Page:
Last February, Shiseido was the first among the leading Asian cosmetic companies to announced its will to eliminate on animal tests in line with the European ban. “Shiseido does not test its cosmetic products on animals, under any circumstances. As for cosmetic ingredients, we do not conduct animal testing save for exceptional cases where it is required by law, or where there are absolutely no other alternative methods (…). Shiseido’s goal is to eliminate ‘animal testing’ for cosmetics, rigorously working to ensure the safety of cosmetics, in order that our customers can feel safe to use them, while paying full respect to animal protection as well. Shiseido shall proactively seek the abolition of animal testing in line with EU regulations,” the company explains.
A few weeks later, Shisieido’s Korean competitor, Amore Pacific, made a similar announcement. “Amore Pacific is responding to the wishes of our consumers,” said the company. “We look forward to the time when there will be a global agreement to end animal testing for cosmetics.”
Joint pressure from industry and NGOs
On this issue, the views of the industry leaders have changed dramatically. Now that the full ban on animal testing is implemented in Europe, China’s maintained obligation to test cosmetics on animals is seen as both an unnecessary burden and a barrier to market access. And it is also viewed as a risk for the brands’ image. Thus, a number of companies have refused to sell cosmetics in China until it becomes possible to do so without animal testing.
“Traditionally, animal protection groups and industry have been on different sides in the debate over cosmetic regulation. However, with the China FDA consultation in progress, our sister organisation Cruelty Free International has adopted the innovative approach of a joint submission with leading European companies keen to avoid mandatory animal testing in China,” commented Cruelty Free International in a release.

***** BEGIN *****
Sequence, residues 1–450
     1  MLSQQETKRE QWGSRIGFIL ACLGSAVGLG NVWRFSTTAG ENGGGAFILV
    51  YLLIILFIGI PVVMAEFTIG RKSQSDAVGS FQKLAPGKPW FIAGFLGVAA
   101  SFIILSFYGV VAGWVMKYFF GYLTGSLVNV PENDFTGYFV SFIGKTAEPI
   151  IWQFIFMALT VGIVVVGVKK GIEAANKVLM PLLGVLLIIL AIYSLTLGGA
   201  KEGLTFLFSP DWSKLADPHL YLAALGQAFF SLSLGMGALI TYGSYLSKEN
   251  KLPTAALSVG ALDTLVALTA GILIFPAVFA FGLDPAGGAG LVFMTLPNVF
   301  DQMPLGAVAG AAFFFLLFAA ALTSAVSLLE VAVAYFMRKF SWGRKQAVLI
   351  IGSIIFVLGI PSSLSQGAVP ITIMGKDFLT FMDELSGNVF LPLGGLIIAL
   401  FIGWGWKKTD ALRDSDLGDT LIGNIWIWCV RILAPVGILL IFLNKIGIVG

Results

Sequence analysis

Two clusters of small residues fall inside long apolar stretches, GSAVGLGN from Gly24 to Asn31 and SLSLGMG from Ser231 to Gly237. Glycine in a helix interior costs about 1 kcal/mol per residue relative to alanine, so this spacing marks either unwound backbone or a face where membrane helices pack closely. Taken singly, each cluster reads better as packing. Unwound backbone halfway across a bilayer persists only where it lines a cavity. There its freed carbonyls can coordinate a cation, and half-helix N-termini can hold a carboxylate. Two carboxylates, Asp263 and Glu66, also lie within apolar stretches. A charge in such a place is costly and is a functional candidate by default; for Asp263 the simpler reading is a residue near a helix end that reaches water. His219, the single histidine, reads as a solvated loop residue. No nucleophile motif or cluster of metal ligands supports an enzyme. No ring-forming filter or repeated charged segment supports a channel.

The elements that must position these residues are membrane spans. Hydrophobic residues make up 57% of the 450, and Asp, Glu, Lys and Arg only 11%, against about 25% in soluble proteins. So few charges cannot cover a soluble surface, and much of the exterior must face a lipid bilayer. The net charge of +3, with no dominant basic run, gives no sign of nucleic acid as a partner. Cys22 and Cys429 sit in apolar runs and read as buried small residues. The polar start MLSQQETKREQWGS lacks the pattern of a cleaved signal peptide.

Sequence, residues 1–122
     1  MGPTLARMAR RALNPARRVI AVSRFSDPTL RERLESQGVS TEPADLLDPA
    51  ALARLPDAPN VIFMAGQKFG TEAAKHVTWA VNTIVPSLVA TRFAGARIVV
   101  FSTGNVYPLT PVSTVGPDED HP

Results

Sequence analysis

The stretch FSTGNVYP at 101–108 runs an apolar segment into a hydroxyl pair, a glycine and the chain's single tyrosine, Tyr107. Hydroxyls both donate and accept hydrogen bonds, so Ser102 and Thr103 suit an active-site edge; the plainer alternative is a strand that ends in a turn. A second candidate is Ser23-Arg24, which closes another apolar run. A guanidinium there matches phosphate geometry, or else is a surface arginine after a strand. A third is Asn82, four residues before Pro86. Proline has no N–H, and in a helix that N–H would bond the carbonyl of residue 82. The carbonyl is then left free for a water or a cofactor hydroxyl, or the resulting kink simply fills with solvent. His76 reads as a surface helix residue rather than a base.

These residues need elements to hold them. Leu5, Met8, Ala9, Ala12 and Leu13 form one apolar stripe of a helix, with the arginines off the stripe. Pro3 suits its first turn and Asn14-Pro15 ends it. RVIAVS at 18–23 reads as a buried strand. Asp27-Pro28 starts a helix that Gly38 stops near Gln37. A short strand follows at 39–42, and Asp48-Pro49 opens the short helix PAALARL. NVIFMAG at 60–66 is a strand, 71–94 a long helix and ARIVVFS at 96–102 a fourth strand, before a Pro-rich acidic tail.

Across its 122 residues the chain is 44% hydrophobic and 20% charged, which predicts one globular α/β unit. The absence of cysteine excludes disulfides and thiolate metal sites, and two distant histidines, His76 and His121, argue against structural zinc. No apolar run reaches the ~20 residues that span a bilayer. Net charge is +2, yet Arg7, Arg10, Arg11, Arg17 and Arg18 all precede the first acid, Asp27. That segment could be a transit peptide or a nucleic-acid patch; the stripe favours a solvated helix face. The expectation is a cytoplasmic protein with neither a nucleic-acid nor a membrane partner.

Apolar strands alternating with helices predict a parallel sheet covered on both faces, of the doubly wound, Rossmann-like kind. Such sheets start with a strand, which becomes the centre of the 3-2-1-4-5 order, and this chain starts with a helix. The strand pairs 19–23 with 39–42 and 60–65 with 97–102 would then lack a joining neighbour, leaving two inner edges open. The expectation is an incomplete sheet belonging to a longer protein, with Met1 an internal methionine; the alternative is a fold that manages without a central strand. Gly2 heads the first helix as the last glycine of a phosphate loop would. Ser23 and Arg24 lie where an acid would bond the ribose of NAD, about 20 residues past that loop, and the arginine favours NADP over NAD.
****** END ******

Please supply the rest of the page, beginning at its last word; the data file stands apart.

Thus, companies such as The Body Shop, L’Occitane, Montagne Jeunesse and Marks and Spencer have joined forces with the animal rights activists to try to change the Chinese regulations.
Apparently, these pressures are producing effects gradually. The Chinese government, which until recently was hardly concerned with this issue, has repeatedly expressed there was no objection in principle to a regulatory change.
After a first step consisting in the recognition of some alternative methods, the Chinese authorities have recently announced that the reform of the regulation governing cosmetic products would address this issue.
The Chinese authorities have invited input from industry and other interested parties in a review of cosmetics regulation, with new proposals expected by the end of the year. China does not make a commitment to alternatives, but animal rights groups see it as an opportunity to press for positive change. “This is the first review of Chinese policy in the area for a quarter of a century and we are eager to seize the opportunity,” says Cruelty Free International’s Chief Executive Michelle Thew.
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The Humane Society International also confirmed recently that Korea is to develop its first national centre of excellence for the development and validation of alternatives to animal testing.
With 166 billion Korean Won (USD 145 million) allocated to the project, the centre is expected to be completed by 2016. It will focus on developing new microbial, cell, tissue and in silico approaches that can replace, reduce or refine the use of tests on animals.
This change of attitude on the part of Asian authorities is more than the expression of a sudden and new attention to animal welfare. The overall aim is also to ensure the competitiveness of local industries towards regulatory developments in Europe in both the cosmetics and chemical fields (REACH).